The institutional herd is coming, or so crypto optimists once said. The Block reports that institutional-centric offerings in this ecosystem have begun to lose talent, as this facet of the Bitcoin market loses its status as an oasis in the market drought.
But is it really the end for institutional participation in the cryptocurrency world? Maybe. Maybe not.
CoinList Loses Wall Streeter
Per an exclusive report from The Block, CoinList, a crypto startup focused on giving blockchain projects a proper platform, recently lost Rob Salman. CoinList spokespeople explained that Salman, formerly of Charles Schwab, Bloomberg, and the Nasdaq, left his position as the head of business development at the firm.
The Wall Street alumnus was responsible for building out CoinList’s institutional branch, specifically through the creation of a so-called alternative trading system (ATS). Interestingly, The Block claims that CoinList’s institutional venture is still on track.
Regardless, this underscores that Wall Street isn’t entirely prepared for this space.
Just weeks earlier, Jamie Selway left Blockchain.com’s Principal Services branch, which focused on institutional clientele. It was claimed that while Selway was a valuable member of the San Francisco-headquartered team, “that segment” of the market has slowed as the “needs of professional investors” have grown over the last year. And as such, the company determined that it was best if it handed over the institutional reins to more Bitcoin-focused businesspeople, who would be more fit appealing to “crypto-native” firms, funds, and investors.
Don’t Worry, Crypto Still Looking Hot
With the aforementioned developments mind, a clear argument can be made that the incumbents of the legacy world aren’t actually enamored with this asset class. But, many argue that this is far from the case. In fact, some insiders note that this investor subset is slow to move, rather than hesitant to take on risk in any way, shape, or form.
Mike Novogratz, a Goldman Sachs partner turned head of a crypto-centric merchant bank, recently took to Twitter to note that work is being done “under the hood” when it comes to institutions and Bitcoin. Novo, as the Wall Street veteran is also known, is likely referring to the vast array of infrastructure plays that may entice institutions into this ecosystem in the coming months.
Even ‘on top of the hood’, prospects are looking bright. Bakkt, for instance, secured a $182.5 million cheque from the Intercontinental Exchange (ICE), Novogratz’s Galaxy Digital, Boston Consulting, among other crypto-friendly groups at the start of 2019.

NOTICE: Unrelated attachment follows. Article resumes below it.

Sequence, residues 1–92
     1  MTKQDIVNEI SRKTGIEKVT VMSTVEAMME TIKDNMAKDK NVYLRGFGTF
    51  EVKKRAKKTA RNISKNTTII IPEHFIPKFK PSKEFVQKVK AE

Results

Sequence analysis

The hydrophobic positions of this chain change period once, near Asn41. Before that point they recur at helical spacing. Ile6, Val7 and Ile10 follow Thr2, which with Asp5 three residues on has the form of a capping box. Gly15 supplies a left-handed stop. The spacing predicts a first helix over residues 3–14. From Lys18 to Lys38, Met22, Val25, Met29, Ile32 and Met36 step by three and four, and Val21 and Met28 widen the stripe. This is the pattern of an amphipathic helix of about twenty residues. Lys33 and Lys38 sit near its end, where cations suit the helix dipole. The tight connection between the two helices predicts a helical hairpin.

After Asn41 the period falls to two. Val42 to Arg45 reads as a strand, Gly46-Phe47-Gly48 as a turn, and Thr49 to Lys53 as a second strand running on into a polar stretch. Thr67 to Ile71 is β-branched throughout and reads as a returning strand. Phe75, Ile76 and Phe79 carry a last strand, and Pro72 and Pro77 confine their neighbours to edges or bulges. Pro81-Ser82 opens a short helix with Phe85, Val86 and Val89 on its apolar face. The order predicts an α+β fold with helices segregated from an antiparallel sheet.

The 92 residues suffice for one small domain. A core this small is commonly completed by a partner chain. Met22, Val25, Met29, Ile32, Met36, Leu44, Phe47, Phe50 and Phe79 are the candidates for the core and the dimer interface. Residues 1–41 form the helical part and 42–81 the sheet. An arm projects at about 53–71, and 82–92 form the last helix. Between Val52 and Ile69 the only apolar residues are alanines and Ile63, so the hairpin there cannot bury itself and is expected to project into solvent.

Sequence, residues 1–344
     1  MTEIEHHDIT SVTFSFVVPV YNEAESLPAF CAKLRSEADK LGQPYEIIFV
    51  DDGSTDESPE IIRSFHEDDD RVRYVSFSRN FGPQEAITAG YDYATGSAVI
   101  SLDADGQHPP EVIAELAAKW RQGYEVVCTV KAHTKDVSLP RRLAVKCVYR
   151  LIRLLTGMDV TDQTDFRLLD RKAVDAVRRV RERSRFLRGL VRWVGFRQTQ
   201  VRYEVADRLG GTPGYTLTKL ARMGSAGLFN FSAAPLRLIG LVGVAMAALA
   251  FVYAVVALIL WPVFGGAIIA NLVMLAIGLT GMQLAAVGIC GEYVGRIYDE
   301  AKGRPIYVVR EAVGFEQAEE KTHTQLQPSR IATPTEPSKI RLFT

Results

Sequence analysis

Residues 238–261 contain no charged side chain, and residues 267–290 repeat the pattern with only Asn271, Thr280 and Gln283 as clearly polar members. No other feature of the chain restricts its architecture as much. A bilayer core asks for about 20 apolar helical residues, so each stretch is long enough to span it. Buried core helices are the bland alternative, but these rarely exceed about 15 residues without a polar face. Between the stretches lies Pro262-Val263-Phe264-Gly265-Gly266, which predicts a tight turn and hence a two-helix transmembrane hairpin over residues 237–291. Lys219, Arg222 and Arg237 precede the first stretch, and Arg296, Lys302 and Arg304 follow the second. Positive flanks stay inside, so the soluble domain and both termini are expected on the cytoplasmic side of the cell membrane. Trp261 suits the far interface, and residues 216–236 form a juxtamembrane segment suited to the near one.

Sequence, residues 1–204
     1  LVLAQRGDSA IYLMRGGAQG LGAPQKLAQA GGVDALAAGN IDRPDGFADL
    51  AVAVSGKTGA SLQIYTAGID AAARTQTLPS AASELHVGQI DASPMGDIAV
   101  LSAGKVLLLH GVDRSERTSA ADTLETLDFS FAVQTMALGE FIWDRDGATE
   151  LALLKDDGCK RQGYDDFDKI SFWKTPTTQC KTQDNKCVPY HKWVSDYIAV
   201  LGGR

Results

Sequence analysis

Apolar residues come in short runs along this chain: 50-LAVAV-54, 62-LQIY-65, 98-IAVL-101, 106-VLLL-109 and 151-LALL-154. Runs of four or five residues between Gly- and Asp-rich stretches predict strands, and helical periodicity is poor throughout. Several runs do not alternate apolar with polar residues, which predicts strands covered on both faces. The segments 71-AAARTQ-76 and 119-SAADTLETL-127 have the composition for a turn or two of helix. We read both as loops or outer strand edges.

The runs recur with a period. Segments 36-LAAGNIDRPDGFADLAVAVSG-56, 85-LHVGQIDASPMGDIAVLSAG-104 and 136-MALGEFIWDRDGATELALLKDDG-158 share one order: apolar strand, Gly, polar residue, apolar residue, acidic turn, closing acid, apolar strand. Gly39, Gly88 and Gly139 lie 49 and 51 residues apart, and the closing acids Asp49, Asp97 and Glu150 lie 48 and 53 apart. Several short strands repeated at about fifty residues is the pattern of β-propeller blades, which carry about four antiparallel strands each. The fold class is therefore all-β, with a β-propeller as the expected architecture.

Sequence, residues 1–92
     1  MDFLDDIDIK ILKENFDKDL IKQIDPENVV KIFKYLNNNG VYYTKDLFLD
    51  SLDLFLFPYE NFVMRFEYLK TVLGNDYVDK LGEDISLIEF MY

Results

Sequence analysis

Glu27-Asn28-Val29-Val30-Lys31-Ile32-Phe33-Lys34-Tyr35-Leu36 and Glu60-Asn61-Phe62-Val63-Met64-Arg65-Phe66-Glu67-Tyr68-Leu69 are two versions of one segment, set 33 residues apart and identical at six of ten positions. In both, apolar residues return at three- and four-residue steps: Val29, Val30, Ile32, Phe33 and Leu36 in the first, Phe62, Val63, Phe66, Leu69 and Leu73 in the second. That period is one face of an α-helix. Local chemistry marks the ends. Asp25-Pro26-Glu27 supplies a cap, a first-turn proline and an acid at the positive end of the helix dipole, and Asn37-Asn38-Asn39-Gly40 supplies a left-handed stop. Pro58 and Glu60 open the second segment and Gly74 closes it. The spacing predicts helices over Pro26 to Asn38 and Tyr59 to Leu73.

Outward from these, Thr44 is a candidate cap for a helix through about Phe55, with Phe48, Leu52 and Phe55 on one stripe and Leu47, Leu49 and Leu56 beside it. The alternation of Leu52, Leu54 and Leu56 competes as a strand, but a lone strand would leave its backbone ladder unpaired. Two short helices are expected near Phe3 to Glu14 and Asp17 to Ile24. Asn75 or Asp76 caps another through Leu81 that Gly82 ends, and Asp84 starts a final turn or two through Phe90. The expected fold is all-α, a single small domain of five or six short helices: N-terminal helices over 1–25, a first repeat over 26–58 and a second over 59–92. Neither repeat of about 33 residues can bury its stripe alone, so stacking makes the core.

Bakkt competitor ErisX has also made strides in recent months. Per previous reports from Live Coin Watch, the Chicago-based upstart recently secured a handful of notable hires. After inviting Joe Lubin of Ethereum and ConsenSys to join its board, Wall Street legend Tom Chippas called on employees of the CBOE, Youtube, and Barclays to foray into the cryptocurrency realm.
More controversially, JP Morgan, the world’s sixth largest bank, recently unveiled its own cryptocurrency (if you want to call it that). For those who missed the memo, the bank-backed asset will be tied to physical U.S. dollars and will first be based on Quorum, JP Morgan’s private Ethereum-based chain. Eventually, the asset will go multi-chain, with interoperability solutions allowing for JPM Coin to be transacted in different ecosystems.
Umar Farooq, the Wall Street institution’s blockchain division lead, claims that his team intends the venture to eventually be a multi-purpose asset for the bank’s operations, whereas “anything, where you have a distributed ledger, [that] involves corporations and institutions” will use the stablecoin. For now, however, the JP Morgan executive made it clear that the newfangled offering is intended to bolster the company’s internal, yet international corporate transactions.
Although the venture has been deemed inherently centralized, it is clear that the heavyweights of the traditional world are keeping a close eye on this space, in spite of the crash in the value of Bitcoin.